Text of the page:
Learning About Birds, part 2

“Art is a place for children to learn to trust their ideas, themselves, and to explore what is possible. ~ Maryann F. Kohl

Welcome to the second blog post about our bird-focused curriculum from January. In this post I want to share with you all the beautiful artistic projects the children created during this period while learning about birds.

When creating our curriculums we try to plan the arts and crafts projects to parallel the current learning theme, as it helps children to connect deeper with the subject we are learning about, practice through art their new knowledge and make it their own.

While we had a variety bird-themed activities as a part of our curriculum, the children were inevitably drawn to playdough (see here our DIY organic playdough recipe we use) over any other project. So we went with the playdough which provides a great variety of activities for children of all ages, offers them plentiful opportunity for creative expression and is great practice for fine motor skills.

Learning new sculpting skills

My mom, who is a tremendous creative force behind many of the school’s craft projects, created this beautiful blue jay (see picture above) out of the playdough as a model for children to be inspired by. We were very impressed to watch how quickly our 4 year olds were learning the new skills. And their birds came out so beautifully, making children feeling very proud and happy!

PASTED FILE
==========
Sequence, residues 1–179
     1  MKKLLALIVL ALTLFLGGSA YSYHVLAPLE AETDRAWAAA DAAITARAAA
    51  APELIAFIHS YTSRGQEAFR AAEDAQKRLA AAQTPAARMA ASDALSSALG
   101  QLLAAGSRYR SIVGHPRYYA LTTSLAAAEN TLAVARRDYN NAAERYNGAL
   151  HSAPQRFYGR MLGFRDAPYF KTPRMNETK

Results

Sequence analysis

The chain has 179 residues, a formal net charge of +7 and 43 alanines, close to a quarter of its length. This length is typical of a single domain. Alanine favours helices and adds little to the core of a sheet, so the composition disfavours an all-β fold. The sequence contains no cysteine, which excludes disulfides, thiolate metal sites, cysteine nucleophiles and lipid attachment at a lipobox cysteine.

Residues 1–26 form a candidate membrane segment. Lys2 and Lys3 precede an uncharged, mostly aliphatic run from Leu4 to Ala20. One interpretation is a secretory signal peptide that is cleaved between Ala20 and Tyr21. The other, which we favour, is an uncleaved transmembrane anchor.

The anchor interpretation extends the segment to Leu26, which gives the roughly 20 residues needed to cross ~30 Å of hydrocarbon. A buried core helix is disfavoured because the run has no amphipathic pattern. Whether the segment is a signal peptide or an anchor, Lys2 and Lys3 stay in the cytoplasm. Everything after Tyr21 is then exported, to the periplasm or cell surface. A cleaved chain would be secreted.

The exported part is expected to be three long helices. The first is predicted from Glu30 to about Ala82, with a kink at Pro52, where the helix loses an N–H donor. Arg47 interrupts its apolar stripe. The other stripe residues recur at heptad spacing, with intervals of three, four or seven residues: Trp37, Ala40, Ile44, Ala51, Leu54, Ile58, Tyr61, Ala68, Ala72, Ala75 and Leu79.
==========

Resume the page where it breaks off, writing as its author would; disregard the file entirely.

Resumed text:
Every child is an artist

“Every child is an artist. The problem is how to remain an artist once we grow up.” ~ Pablo Picasso

We couldn’t agree more with this quote from Pablo Picasso. It is truly fascinating to see the range of imagination and creativity the children have within them. And how this creativity blossoms further as they acquire new skills, giving them a sense of accomplishment.

Making birds with cookie cutters and then painting them was the favorite activity for most of the kids. Some kids simply cut the birds from playdough with a cookie cutter, while others learned how to add some plumage and other details to their birds as well. It was such a wonderful activity as even the youngest children felt they could make a bird with little or no help, which gave them a sense of pride in their skill.

And as we made playdough birds with cookie cutters we talked about possible bird names for their creations — an osprey or an eagle, a blue jay or a cardinal. It was always very rewarding to hear children naming the birds they never heard of even a week ago and now being very familiar with their shape, habits and appearance!

Playdough bird nests

Another playdough project was making playdough nests for their birds. Originally the nests were meant to be made with other material, but again the playdough was the key to get children interested and involved! Each nest was different, some painted, some with real bird feathers and sticks.

Birds Over Sunset Sky:

A Beautiful Waldorf-Inspired Watercolor Craft

The final art project I wanted to share was a Waldorf-inspired wet-on-wet watercoloring, which is a specialty of our wonderful instructor Milana. This style of painting is a favorite for most of the children as well (you can learn more about this activity here on Bella Luna blog).

To tie it in with our bird learning we provided bird silhouette cutouts that the children could place over their dried watercolor art, creating a stunning picture of birds flying over the sunset sky.

I hope you enjoyed seeing our creations. In the next and last post, I will share with what our school cabin looked like during the bird study. And if you have questions about any of our projects or have some other ideas to share — please leave us a comment!

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